Digital Network Cables

The last decade saw a tremendous boom in ICT in Africa. The key sector is mobile, which continues to grow at astronomical rates. From virtually no mobile phone users in 1999, mobile phone users in Africa will reach 500 million soon. Africa may have double the number of mobile phone users than in the United States within a few years.

 

In fact, according to the International Telecommunications Union (ITU), Africa is the fastest growing mobile market. In 2010, ITU said that Africa’s mobile user growth rate has exceeded 60% annually for the five previous years, double the global average. Africa is, in fact, the first continent where mobile subscribers outstrip fixed-line users.

In the mobile space, Africa leads Western markets with innovative solutions like SMS-based applications and prepaid services.

 

Mobile payments and banking have taken off in Kenya with Mpesa and M-Kesho. Out of a population of close to 40 million, estimates are that 38% of adult users have M-PESA accounts and that over 7.7 million accounts had been registered as of August 2009, according to the report, „The Economics of M-Pesa

 

High-Speed Broadband Boom

Broadband is estimated to contribute 1.3% to economic growth for every 10% jump in availability, according to the World Bank.

Unfortunately, this is one area that Africa continued to lag behind Western countries. Only a few years ago, Africa as a whole only had less than one terabit/second capacity. This is dramatically changing with the continent’s connection to international bandwidth expected to reach over 20 terabits/second within the next few years.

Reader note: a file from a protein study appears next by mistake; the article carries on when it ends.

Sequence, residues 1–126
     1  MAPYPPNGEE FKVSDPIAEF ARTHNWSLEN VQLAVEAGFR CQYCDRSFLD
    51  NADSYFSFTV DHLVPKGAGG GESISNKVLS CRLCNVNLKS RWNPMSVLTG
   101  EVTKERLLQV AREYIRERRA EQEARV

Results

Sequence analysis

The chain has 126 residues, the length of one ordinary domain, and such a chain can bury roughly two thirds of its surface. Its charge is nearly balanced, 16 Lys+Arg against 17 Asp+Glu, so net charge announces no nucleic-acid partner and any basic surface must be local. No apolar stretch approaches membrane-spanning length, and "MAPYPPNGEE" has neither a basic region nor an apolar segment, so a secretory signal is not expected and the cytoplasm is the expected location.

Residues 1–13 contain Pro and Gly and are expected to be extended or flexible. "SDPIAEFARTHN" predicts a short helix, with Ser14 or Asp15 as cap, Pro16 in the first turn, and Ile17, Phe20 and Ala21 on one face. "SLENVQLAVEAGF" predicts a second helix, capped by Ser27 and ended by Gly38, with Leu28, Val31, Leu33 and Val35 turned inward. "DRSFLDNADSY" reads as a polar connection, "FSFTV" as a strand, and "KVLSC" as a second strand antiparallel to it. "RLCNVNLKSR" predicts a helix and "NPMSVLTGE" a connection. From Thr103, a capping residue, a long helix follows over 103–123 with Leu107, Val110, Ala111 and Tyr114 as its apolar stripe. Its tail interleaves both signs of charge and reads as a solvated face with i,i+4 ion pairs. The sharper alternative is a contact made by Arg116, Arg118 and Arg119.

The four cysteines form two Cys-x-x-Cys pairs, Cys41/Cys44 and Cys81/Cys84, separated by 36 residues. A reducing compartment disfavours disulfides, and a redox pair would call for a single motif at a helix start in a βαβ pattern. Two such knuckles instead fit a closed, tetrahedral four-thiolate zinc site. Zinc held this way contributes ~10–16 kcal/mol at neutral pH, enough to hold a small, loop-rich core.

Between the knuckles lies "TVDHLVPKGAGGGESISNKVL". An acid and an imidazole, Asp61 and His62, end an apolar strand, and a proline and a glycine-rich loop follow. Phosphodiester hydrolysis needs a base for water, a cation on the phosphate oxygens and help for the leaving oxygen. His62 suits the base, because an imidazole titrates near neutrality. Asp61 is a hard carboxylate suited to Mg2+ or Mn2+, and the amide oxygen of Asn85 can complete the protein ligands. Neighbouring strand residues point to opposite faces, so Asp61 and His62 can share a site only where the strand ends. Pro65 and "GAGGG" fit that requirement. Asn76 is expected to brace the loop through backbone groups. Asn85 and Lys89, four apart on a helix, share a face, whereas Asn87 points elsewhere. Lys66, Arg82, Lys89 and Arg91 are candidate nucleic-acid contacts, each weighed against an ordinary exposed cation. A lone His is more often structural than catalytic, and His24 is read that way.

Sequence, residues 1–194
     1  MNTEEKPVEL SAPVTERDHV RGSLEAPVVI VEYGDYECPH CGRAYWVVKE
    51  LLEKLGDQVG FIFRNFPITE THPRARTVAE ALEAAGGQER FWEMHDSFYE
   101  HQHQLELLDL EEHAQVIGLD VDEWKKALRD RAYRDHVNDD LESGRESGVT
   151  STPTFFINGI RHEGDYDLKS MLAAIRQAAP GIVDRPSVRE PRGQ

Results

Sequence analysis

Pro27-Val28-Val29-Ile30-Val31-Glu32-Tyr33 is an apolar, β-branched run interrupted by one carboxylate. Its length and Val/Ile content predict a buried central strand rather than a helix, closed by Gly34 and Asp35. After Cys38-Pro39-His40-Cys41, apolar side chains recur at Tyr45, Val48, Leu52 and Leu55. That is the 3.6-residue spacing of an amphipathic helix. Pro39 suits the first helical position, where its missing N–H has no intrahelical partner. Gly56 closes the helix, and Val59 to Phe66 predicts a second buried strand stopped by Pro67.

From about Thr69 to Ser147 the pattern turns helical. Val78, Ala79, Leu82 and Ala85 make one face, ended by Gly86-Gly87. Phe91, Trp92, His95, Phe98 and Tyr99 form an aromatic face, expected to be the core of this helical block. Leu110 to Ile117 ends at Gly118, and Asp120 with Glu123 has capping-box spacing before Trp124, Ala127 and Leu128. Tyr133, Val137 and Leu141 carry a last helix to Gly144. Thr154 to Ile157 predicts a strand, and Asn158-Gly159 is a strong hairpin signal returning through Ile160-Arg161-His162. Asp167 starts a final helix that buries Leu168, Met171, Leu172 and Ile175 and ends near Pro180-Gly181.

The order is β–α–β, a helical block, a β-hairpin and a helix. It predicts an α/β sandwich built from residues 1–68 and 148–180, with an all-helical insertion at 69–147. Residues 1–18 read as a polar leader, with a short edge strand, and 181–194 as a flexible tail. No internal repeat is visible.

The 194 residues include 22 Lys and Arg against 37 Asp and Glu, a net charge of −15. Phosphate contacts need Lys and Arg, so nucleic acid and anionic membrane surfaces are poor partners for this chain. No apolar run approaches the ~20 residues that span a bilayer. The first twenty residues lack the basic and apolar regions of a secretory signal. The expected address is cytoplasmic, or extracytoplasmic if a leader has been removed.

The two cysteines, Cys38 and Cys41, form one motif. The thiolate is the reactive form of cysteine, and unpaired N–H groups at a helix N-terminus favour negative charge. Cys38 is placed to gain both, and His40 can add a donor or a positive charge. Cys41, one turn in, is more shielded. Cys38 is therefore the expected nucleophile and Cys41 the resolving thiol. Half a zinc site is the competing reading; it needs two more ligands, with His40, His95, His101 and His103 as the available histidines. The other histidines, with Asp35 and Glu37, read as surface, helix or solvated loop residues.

There are still two key challenges for the broadband market –

 BACKHAUL

 

Backhaul is the land-based fiber optic cable lines. The major countries, such as Nigeria, South Africa, and Kenya, have worked on this to cover at least the major markets in the country. East Africa did well as a region by connecting major areas throughout each country in the East Africa Community – Burundi, Kenya, Rwanda, Tanzania, and Uganda – and between each country, so the foundation to connect a common market of over 140 million people is there. There is progress with backhaul all over Africa.

 

ACCESS

The third leg of broadband infrastructure and the toughest challenge is access. This is where people are provided the services and equipment to use the Internet. The rate of people with both computers and Internet access in Africa is extremely low.

 

Governments, non-profits, and private sector are working to provide access in community labs, internet cafes, schools, and even Mobile labs to rural areas.

 

Opportunities in ICT in Africa

 

- Companies to provide the infrastructure

 

- Companies to provide computer and mobile phone equipment and accessories with configurations that will suit the African consumer and at prices, they can afford.

 

- Companies to provide training and consulting services, particularly if  they are able to work with local partners.

 

- Companies who can develop mobile, sms, and Internet applications, as well as content, for the local markets.